A rangefinder with autofocus?? Interesting. How does that work? Sounds like a contradictio in terminis to me.
Originally Posted by giannisg2004
"Have fun and catch that light beam!"
Bert from Holland
my blog: http://thetoadmen.blogspot.nl
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* I'm an analogue enthusiast, trying not to fall into the digital abyss.
* My favorite cameras: Nikon S2, Hasselblad SWC, Leica SL, Leica M7, Russian FKD 18x24, Bronica SQ-B and RF645, Rolleiflex T, Nikon F4s, Olympus Pen FT, Agfa Clack and my pinhole cameras.
Affortabilty is based on average pricepoint of the Leica's.. $800.00+. To much for me. Love the chim in for Canon camera's and others. There is just something classic about the way they look. Might be something worth while to put in my arsenal for quick outings and feel confidant they will get good sharp images.
Do you need interchangeable lenses? Have you used a rangefinder?
If you dont know the answer to the first, and you say no to #2 question, drop $25 on any Konica/minolta, whatever- rangefinder (c35 autos2, etc). Try that out, if you just love it after 5 or 10 rolls of film and dont find yourself headed back to your SLR, then start the search for a fancy [$$$] rangefinder. Also remember that the viewfinder will be off when you get away from the normal lenses. Your wallet will also be off when you start in that direction.
Personally, I have tried several cheapos, have a Canon IIF (cheaper RF compared to leica) and a couple lenses for it. I find the canon (a Leica copy) much less appealing than the Auto S2, Konica C35, or Canonet gL17 (or really any camera). I wear glasses, and looking through a 2.9mm x 1.8mm hole for composing is awful compared to a Nikon F3HP finder or a TLR hood. The Canon IIf feels awesome but its a bottom loader, ick. THe Canon also looks awesome but as soon as I finish a test roll its going to auction. A Leica will feel and look awesomer (I have a friends M2 on loan) but I still don't like using it.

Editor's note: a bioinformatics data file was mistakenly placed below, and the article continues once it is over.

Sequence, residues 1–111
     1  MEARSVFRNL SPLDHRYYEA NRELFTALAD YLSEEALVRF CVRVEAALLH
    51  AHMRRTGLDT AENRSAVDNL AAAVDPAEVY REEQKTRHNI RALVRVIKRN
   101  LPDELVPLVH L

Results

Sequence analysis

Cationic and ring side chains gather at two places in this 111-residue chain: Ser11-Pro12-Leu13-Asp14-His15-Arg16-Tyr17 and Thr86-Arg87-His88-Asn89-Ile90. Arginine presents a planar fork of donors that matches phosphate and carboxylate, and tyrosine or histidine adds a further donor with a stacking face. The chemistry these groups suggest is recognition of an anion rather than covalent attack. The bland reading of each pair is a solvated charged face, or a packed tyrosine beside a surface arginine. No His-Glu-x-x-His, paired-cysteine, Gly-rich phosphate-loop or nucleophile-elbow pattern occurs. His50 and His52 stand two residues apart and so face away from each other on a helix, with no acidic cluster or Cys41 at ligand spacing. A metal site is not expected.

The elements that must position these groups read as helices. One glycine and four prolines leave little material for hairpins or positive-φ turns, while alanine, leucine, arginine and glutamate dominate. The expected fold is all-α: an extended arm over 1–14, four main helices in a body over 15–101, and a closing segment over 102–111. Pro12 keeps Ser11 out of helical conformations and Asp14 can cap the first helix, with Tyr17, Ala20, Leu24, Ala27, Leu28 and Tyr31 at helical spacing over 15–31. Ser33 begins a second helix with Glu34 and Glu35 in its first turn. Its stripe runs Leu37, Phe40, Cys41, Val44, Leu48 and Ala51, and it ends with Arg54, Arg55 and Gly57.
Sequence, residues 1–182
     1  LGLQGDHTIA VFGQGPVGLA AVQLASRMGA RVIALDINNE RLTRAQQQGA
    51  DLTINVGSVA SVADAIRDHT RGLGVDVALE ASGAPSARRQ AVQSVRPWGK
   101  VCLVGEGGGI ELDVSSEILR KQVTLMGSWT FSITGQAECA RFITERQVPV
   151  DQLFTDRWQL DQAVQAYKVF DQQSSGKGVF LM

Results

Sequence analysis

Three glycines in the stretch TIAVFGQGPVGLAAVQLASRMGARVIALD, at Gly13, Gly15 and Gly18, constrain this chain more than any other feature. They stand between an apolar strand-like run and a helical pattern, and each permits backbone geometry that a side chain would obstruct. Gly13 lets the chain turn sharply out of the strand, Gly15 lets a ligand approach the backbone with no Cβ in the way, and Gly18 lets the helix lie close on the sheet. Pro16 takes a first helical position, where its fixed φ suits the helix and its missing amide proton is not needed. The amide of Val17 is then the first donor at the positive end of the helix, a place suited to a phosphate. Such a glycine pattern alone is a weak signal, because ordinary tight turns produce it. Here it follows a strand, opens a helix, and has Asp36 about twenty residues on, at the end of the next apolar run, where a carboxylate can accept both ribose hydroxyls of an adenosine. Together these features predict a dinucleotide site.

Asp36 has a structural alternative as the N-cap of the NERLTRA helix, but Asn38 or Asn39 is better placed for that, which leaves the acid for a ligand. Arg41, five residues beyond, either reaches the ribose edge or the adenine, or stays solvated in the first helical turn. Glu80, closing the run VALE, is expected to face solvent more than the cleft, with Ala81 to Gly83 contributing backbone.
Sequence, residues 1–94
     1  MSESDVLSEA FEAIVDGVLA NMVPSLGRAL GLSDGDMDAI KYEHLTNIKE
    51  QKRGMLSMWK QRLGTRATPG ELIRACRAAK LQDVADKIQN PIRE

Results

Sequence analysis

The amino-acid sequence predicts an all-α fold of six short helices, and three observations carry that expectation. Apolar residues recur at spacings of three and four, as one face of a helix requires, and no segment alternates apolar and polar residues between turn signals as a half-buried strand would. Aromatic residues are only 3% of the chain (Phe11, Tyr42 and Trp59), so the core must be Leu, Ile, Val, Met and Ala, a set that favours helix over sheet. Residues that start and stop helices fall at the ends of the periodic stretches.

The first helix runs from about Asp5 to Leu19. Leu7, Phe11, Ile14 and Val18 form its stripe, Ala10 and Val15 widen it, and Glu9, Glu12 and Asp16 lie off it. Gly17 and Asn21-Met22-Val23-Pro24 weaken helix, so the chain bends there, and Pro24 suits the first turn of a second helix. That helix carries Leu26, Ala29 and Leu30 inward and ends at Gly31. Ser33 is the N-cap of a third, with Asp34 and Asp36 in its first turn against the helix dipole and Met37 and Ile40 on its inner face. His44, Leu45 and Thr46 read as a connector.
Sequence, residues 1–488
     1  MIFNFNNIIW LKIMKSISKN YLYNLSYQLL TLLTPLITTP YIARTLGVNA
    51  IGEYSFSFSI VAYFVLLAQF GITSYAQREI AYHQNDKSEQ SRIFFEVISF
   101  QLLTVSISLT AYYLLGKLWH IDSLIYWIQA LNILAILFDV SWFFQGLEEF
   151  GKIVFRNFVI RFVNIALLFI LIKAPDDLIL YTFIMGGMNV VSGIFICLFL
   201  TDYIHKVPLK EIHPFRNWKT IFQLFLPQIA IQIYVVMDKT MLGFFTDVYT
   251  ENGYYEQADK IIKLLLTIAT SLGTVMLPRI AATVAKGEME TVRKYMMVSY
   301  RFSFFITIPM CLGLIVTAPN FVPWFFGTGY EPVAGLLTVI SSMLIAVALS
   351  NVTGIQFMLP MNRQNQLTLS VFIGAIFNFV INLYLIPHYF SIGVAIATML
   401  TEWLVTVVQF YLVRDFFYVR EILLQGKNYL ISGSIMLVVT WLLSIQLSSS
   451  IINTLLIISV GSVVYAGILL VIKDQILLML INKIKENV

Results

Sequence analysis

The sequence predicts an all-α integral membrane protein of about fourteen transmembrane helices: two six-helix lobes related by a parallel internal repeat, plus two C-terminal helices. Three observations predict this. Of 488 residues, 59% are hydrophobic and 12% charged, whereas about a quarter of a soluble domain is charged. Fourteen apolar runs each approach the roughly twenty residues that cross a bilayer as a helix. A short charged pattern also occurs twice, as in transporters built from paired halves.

I know that super famous photographers used this style of camera and it holds that romance visually as an object, but it does nothing for me as a user. I say all this so that you dont let GAS lead you to a very expensive camera that you wont like without spending some serious time with a cheap rangefinder.
Last edited by trythis; 03-27-2014 at 01:22 PM. Click to view previous post history.
"If its not broken, I can't afford it."
See http://www.cameraquest.com/com35s.htm for an overview of compact 35mm manual focus cameras (mostly rangefinders) with f/2 or faster lenses.
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There's an Agfa Karat 36 listed int he classifieds right now. I have no relation to that seller but the Karat 36 is one fine Rangefinder camera. Too bad that one needs rangefinder work.
It's fixed-lens but all the lenses available for that camera, were firecrackers. The Solinar is the less-exotic but super-sharp Tessar variant built for or by Agfa.
It's extremely well built; built to compete with the Retina rangefinders ... and the optics are the same as the Retinas. Fortunately, the Karat is not as well known as the Retina and the prices are much more reasonable.
If you need lens interchangeability, the early Kievs are fantastic and well built with excellent rangefinders that almost never go out of adjustment. Earlier the better with the Kievs. These are of course a little pricey but not nearly as high as a Leica; and a whole lot more user friendly than the early Leica IIIs that cost twice as much.
And of course there's the original Contax II and IIa, which is again more money.